Archive for June, 2013
The market’s focus of late has been on the Fed, US growth and China. There has been news out on all three in recent days – but there has also been some news out on Europe.
This week saw further agreement on an EU-wide framework for banks (specifically as regards the topical subject of bailouts). It accompanies ongoing work on arrangements for federal – sorry, supranational – oversight of national budgets.
News on European affairs passes with little comment these days. This would have been unthinkable a short time ago. When budgetary oversight was agreed about 18 months ago it was headline news across the world. And the catalyst for the whole sequence of emergency summits, the insolvency and bailout of Greece just over three years ago, was of course seismic: during the week after the bailout announcement itself, the Euro Stoxx 50 index fell by over 11%. Then, after the attention-grabbing trillion dollar support package for the whole eurozone was announced the following Sunday, it rallied by over 10% in a day.
Now there is no such excitement. Like the banking system and budgetary oversight measures, the emergency EFSF and ESM programmes have come along quietly – from zero to just shy of €200bn in funds raised in three years. Once upon a time – when eurozone bond markets went haywire in 2011 – the then ten-year EFSF bond, backed by guarantees from all eurozone sovereign states, traded briefly at 2% over the yield on its German government benchmark. Now that spread stands at 0.6%, and despite all the volatility has dribbled along in a range of 0.4% – 0.7% all year.
This is quite a turnaround. From star of the show (albeit as anti-hero), Europe hardly seems to appear on stage any more. Which begs the question: are we being complacent? Do arguments over 0.5% vs 0.3% on US incomes and 7.0% vs 7.5% growth in China miss the bigger point? Has the European crisis become the elephant in the room?
As a bear case it is a tempting proposition. Just when we have all started ignoring Europe, a new bailout or political upset will come along and upset the apple cart again. If only those headstrong Eurozoneans would adopt an expansive approach to fiscal policy and improve their competitiveness via currency devaluation, etc., they might enjoy the kind of economic success which characterised Britain in the 1970s (this blog has never fully understood the logic of this confidently-touted advice).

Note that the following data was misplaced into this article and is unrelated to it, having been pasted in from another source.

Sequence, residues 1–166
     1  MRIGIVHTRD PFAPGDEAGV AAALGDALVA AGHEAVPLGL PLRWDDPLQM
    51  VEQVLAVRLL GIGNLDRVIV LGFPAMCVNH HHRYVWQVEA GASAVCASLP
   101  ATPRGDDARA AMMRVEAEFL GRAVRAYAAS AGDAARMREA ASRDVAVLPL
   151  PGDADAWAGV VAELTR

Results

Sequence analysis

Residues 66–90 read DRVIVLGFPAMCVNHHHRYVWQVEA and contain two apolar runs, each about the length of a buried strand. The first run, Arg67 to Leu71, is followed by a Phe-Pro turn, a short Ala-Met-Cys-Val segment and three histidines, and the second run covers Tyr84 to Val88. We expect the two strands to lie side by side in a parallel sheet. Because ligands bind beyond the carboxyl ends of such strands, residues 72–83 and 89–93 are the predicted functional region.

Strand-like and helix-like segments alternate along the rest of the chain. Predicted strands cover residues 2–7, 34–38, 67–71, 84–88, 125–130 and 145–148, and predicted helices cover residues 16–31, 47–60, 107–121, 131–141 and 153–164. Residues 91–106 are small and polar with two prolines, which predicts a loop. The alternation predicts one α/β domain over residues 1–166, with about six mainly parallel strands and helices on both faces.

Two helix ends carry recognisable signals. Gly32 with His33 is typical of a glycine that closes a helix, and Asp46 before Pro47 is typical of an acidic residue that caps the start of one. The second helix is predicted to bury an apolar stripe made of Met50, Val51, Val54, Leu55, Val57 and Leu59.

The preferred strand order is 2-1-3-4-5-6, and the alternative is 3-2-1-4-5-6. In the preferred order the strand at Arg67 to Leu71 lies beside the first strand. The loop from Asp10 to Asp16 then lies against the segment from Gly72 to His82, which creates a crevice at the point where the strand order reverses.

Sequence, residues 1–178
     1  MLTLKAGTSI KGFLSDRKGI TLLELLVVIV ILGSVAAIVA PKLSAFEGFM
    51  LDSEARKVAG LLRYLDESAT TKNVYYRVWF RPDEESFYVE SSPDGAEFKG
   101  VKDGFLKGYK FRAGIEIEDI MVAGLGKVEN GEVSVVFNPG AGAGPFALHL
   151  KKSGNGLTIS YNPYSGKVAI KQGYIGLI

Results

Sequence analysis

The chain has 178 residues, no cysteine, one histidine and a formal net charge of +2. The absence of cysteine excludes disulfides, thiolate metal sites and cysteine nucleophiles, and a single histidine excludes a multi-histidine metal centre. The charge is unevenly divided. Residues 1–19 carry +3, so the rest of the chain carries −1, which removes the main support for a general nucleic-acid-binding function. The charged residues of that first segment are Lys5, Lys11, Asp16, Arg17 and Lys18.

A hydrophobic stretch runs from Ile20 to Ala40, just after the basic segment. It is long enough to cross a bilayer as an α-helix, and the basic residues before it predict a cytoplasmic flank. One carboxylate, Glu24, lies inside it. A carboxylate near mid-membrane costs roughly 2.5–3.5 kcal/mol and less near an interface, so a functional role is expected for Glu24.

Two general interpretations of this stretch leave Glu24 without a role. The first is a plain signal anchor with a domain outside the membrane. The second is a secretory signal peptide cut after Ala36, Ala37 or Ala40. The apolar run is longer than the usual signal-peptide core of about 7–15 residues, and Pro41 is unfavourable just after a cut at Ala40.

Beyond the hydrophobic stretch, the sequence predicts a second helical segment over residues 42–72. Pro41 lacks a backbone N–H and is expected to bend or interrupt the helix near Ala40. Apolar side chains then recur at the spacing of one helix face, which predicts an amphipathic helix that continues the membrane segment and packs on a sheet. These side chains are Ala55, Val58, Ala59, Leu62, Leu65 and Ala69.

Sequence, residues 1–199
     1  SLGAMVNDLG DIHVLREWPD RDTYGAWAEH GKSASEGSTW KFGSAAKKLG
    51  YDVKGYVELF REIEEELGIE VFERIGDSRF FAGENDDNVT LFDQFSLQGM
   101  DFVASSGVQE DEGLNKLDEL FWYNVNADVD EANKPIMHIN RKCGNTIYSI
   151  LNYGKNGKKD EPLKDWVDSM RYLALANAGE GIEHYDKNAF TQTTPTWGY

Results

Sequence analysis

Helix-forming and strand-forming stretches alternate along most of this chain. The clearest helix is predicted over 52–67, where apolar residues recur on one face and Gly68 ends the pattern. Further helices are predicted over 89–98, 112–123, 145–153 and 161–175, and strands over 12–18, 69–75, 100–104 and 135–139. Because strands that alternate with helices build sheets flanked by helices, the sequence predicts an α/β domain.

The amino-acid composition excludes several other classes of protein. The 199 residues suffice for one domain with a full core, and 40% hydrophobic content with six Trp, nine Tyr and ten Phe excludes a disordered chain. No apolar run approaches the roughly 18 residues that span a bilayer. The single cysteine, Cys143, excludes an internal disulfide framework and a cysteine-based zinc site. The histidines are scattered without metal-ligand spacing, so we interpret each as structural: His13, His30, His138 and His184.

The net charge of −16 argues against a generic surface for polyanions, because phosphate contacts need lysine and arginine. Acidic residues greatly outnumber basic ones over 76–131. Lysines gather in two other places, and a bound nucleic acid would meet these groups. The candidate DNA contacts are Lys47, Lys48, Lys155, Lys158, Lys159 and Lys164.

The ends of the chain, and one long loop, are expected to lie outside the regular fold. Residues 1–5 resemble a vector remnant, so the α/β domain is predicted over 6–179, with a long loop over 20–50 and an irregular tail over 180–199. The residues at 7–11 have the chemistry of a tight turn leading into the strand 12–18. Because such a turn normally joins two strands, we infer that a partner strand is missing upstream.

There is an alternative, of course. A slew of indicators in recent weeks, from activity gauges to measures of confidence, have shown that the beaten-up Continental economy might at last be turning the corner and emerging from its painful though shallow slump into the anguished and shallow upturn its central bank expects.
Still, the pace of recovery in Europe doesn’t matter so long as it finally occurs. No one thinks of Europe as the engine of world growth. But it is obvious that the benefits of entrenchment in activity there would extend to those countries who are seen that way (China, for instance).
Without wishing to extend the list of animals too far: if Europe turns out to be the elephant in the room the bears will undoubtedly have their day. Otherwise – at some point – it will be the turn of the bulls again.
On Wednesday, Fed Chairman Bernanke held a press conference. Making it clear that (in his phrase) the Fed would be “letting up a bit on the gas pedal” rather than hitting the brake, he announced that asset purchases conducted under the quantitative easing programme would likely start tapering off this year if the US economic recovery continued to show strength.
So far, so reasonable. QE is an emergency monetary measure designed to stimulate growth in desperate times. If the times no longer look desperate emergency measures are no longer required. Mr Bernanke’s announcement was a signal that the Fed’s view on the recovery has grown more positive. Some might describe that as good news.
Markets, however, did not see things that way. For them the story was the oncoming shrinkage of central bank stimulus. Since QE involves bond buying, bond markets sold off with the 10 year US treasury yield up about 30bp since the end of last week. Since some participants in the rather confused rush into owning gold had bought the metal out of fear that the QE programme would usher in hyperinflation and dollar collapse, gold continued its fall, closing below $1,300 an ounce for the first time in almost three years. And equity spiked lower again: the S&P 500 dropped by 2.5%, its biggest one-day fall in percentage terms since November 2011 (when Italy was thought to be on the edge of default), and losses in Europe were even worse.
Much of this behaviour is defensible in logic. But the reaction is also interesting for what it tells us about sentiment.
Back in the panic of H2 2011 the Fed got a similar bashing from markets when it announced a change to its QE programme. It wouldn’t be buying a greater quantity of bonds outright; it would simply be lengthening the maturity of the programme to move longer as well as shorter term interest rates lower. Dubbed “Operation Twist”, readers may remember that the market lurched lower – not because it didn’t like the idea but because the economic view put forward by the Fed as justification for the move was surprisingly negative.